He Discovered an Entire Area of the Periodic Table

Last week marked the birthday of Sir William Ramsay, the British chemist who was born on October 2, 1852.

In 1892, Ramsay became fascinated by a discovery from a fellow chemist, Lord Rayleigh (John William Strutt).  Rayleigh had observed that nitrogen extracted from the air always had a higher density than nitrogen extracted by other means.  Ramsay theorized that there must be another gas present, some element in the atmosphere that had not yet been discovered.

Though Ramsay and Rayleigh worked on the problem separately, they shared their progress.  Two years later, they jointly announced the discovery of a new, heavier gas.  Ramsay named it argon after the Greek argos for “lazy,” as the new gas was thought to be fairly inactive with other chemicals.

Over the next several years, Ramsay discovered neon, krypton and xenon.  He also discovered the first presence of helium anywhere outside of the sun.  Ramsay had identified an entirely new group of elements in the periodic table.  They were originally called “inert gases” due to their lack of chemical reactivity.  They are now more accurately known as “noble gases.”

In 1904, Sir Ramsay and Lord Rayleigh were jointly awarded Nobel Prizes: Ramsay for chemistry and Rayleigh for physics.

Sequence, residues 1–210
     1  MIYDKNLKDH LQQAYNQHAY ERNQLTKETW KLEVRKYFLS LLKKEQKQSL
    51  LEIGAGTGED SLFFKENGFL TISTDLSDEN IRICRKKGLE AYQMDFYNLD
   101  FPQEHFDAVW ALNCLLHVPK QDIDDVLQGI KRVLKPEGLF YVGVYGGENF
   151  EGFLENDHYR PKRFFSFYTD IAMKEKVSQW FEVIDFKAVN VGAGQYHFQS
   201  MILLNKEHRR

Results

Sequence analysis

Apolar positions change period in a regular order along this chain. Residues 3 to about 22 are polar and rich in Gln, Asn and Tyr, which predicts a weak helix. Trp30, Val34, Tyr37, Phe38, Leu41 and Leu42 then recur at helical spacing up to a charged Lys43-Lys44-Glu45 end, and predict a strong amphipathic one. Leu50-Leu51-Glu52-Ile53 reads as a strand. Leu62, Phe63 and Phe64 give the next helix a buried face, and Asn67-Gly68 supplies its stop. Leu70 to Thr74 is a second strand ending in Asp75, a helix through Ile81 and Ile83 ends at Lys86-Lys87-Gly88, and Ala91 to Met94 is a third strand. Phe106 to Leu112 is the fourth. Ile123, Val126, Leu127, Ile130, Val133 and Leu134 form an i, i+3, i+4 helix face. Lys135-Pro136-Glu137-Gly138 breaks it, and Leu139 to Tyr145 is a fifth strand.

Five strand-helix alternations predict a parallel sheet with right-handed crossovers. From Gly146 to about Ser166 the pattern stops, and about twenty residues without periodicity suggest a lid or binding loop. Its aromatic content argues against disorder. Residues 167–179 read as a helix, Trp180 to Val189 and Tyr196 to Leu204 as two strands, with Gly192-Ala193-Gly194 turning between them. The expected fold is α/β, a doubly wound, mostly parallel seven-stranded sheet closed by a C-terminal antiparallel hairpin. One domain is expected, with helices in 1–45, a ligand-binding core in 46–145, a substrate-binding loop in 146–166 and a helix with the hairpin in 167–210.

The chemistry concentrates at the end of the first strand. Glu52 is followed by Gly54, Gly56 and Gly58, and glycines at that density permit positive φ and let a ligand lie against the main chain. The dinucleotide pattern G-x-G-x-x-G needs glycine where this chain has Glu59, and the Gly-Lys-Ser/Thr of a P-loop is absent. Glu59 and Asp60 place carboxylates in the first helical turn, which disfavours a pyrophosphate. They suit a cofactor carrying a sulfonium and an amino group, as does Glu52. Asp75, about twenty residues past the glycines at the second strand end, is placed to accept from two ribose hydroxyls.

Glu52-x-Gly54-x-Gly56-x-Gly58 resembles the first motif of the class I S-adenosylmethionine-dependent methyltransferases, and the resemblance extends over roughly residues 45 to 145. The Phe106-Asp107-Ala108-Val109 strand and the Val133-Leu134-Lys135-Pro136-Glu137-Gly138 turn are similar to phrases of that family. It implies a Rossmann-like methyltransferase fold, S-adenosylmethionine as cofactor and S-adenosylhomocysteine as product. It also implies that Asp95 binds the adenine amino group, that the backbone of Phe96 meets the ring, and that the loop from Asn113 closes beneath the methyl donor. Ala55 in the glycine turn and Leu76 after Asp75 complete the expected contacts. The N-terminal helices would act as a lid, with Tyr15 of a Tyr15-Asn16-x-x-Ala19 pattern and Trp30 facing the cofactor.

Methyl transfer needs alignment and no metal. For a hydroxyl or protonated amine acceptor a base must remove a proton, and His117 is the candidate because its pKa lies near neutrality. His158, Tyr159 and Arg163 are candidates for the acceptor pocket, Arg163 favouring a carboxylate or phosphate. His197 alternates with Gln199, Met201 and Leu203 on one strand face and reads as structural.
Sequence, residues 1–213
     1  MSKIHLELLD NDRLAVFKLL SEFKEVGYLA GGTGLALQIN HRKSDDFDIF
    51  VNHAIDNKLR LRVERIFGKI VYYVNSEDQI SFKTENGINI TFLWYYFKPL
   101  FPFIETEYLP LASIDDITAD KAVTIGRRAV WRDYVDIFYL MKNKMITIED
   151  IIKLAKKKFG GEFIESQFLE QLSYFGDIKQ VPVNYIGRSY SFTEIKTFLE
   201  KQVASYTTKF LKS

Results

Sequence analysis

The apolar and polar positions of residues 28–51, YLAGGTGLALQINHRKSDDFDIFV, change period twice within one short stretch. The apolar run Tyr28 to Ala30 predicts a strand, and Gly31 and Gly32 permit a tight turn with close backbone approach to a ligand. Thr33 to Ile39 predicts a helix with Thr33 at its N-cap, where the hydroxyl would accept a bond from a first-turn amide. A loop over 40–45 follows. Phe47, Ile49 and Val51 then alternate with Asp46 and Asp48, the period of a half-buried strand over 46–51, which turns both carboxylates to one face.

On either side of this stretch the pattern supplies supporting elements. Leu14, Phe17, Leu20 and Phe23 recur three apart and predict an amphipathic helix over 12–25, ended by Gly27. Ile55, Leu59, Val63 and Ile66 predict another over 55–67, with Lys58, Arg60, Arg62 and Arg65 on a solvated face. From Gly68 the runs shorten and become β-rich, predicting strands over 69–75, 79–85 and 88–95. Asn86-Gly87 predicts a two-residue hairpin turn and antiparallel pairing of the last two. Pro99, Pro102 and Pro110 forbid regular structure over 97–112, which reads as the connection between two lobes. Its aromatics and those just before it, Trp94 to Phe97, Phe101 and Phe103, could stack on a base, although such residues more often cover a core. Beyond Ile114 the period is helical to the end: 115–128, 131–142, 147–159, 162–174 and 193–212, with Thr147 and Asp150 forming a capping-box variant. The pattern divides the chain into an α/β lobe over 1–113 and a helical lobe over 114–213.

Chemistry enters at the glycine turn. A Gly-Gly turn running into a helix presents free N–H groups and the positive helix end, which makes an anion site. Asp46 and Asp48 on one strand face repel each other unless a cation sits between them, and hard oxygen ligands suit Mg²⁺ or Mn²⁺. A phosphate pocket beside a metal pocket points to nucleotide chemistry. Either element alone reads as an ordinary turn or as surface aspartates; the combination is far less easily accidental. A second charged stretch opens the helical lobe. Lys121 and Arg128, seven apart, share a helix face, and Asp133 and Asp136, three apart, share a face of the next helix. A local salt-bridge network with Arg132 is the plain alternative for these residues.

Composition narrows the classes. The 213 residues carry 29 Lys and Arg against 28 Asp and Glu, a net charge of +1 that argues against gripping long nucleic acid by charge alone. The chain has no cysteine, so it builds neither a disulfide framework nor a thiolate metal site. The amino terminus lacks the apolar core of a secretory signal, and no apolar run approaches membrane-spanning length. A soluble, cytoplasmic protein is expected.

As a side note, Sir Ramsay also played a role in the technological history of India.  As a British advisor in 1900, he recommended Bangalore as the site for establishing the Indian Institute of Science, a public university for scientific research and higher education.

Today, Agilent is an industry leader in the separation, measurement and analysis of gases and other elemental substances.  Our micro GCs and columns provide a rapid method for separating and identifying argon and oxygen.  The Agilent solution can identify the oxygen and argon content in a sample of high-purity nitrogen in less than two minutes.

Over the next several years, the Russian Space Agency plans to launch two spacecraft, Luna-Glob and Luna-Resurs, to land on the poles of the moon.  Scientists are building a custom Neutral Gas Mass Spectrometer to detect and analyze volatile species in the lunar soil.  The NGMS will use a Varian/Agilent Carbobond column for the separation of noble gases.

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